Friends and family pay their respects at the funeral for 39-year firefighter Chris Brown. (photo by Stephanie Pawlowski/WJBC)
By Zach Dietmeier
BLOOMINGTON - The greatest asset of a city is its employees, and Bloomington officials recognized slain firefighter Chris Brown on Monday.
The Bloomington City Council took a moment to honor the fallen Bloomington and Hudson firefighter. City Manager David Hales said it was important for the council to understand how much hard work the department and city's Employee Assistance Program had performed in helping the family and friends in the wake of such tragedy.
"I couldn't help but be moved by the brotherhood shown by our fire personnel," Hales said. "You see what happens when we lose a member of our city family."
Hales said he hopes the council will continue to make the investment in equipment and vehicles to ensure that all public safety employees have the best to minimize the risk and exposure.
Bloomington Fire Chief Mike Kimmerling told the council that a dark day for the department was made easier by phenomenal help from the firefighting community at-large.
"The amount of outpouring of support we've gotten from every avenue has just been tremendous," Kimmerling said. "It has been a very difficult time but our thanks have to go out to almost every department in McLean County and even departments outside of our county."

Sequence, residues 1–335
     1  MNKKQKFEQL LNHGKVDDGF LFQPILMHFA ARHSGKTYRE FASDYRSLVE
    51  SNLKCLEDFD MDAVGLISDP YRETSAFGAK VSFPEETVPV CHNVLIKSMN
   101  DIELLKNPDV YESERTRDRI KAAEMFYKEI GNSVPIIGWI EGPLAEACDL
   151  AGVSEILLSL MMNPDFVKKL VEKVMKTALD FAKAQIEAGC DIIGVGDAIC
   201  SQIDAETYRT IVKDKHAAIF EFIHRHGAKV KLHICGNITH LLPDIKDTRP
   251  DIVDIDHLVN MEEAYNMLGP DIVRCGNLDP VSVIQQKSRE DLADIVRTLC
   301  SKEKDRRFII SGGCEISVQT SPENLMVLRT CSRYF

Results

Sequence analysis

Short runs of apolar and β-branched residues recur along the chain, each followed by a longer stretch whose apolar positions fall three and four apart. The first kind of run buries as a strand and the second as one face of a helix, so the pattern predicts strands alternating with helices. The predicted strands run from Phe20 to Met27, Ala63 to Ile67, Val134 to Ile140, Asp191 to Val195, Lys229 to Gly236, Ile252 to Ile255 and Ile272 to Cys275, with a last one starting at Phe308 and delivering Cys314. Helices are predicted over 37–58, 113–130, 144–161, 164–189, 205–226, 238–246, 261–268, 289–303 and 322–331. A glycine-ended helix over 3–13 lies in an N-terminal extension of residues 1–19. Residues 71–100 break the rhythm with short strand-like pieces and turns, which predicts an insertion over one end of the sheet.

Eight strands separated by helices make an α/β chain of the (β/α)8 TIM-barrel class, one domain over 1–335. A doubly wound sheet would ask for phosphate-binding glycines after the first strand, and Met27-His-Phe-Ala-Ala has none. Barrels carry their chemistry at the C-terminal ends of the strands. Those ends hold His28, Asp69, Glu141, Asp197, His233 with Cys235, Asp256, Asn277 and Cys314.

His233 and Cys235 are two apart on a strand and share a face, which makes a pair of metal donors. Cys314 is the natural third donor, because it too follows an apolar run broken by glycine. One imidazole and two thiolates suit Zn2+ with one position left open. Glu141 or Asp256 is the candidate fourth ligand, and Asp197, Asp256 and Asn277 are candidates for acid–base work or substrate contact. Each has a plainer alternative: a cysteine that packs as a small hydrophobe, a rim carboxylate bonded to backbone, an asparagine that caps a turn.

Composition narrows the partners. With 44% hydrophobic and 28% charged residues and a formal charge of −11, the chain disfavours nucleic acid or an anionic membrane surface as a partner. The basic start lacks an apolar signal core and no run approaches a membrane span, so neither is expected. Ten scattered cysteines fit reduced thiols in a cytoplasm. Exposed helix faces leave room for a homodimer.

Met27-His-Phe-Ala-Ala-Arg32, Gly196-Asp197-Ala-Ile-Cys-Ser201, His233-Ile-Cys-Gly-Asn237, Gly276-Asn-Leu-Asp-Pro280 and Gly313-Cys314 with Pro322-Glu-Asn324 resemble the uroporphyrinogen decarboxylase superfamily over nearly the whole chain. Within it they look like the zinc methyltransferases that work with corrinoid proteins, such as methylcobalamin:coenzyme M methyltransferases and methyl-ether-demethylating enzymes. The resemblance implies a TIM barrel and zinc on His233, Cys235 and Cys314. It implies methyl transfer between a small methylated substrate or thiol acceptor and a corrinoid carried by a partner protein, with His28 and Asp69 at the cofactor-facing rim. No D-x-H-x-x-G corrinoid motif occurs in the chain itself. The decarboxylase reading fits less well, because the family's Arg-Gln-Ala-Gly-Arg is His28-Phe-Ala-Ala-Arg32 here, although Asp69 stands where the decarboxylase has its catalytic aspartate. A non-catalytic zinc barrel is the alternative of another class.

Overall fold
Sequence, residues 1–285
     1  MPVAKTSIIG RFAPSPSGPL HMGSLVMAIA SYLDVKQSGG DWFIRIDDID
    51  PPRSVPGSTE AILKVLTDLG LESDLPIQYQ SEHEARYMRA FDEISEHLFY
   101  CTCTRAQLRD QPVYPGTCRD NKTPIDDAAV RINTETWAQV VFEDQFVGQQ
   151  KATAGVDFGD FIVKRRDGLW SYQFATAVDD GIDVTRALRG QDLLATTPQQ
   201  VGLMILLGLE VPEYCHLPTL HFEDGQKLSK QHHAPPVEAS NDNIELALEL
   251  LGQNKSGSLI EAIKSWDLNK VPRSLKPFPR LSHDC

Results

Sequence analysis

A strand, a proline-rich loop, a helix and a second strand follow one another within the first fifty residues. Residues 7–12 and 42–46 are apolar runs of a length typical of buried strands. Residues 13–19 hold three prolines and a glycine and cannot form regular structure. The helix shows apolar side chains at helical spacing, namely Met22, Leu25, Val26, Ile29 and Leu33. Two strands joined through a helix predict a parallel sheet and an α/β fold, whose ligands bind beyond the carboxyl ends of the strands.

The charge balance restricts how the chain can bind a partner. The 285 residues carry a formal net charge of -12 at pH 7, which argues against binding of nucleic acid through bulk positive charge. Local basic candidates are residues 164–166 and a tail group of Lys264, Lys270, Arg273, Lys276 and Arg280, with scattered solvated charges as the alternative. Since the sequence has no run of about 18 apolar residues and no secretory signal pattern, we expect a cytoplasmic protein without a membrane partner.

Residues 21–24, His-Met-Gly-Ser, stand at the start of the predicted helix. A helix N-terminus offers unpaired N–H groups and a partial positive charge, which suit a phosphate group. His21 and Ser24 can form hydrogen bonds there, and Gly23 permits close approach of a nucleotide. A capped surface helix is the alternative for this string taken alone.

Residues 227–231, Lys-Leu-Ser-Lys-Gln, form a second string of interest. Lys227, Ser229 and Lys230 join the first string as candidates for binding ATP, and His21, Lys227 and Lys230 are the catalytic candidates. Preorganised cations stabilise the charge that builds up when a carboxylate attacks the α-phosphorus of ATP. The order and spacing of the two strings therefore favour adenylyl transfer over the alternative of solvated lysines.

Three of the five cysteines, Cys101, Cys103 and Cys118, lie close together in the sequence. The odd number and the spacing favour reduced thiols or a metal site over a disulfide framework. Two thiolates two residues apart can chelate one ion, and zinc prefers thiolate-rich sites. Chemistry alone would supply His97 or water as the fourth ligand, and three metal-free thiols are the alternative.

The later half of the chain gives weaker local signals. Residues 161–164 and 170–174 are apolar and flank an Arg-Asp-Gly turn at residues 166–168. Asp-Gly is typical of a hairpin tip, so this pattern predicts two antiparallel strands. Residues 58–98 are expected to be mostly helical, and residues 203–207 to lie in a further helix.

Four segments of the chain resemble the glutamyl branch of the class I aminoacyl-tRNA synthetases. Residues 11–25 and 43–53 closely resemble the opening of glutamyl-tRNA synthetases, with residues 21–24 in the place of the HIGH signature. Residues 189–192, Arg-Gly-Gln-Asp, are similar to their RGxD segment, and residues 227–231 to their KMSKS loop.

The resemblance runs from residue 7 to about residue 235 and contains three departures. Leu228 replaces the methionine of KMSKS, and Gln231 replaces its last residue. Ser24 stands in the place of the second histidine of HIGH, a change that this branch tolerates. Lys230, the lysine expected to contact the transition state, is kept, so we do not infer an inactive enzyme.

The department received assistance offers from Champaign, Chicago, Decatur, Peoria, and Rockford. He gave special thanks to the Normal Fire Department for sitting in during the funeral so that all Bloomington personnel could attend.
"I will just tell you without their assistance we wouldn't have been able to get today done," Kimmerling said. "Their personnel came, their EMTs came and staffed our department and ran our calls because as you well know even in times like this the calls don't stop."
The Bloomington Police Department also supplied officers to assist visiting departments in knowing where to respond to calls.
"The citizens still need the service and it's not something we can just shut off and say sorry we have to take the day off," Kimmerling said. "Bloomington Township, Downs, Dale Township, Heyworth, Lexington, Towanda, Danvers, Carlock, they all gave us crews to cover us."
Brown was killed on Mar. 5 while responding to an accident on I-39. Citations were given to a 28-year-old Spokane, Wash., man for allegedly violating Scott's Law and for driving too fast for the winter conditions. Scott's Law requires drivers to proceed with caution to avoid emergency vehicles.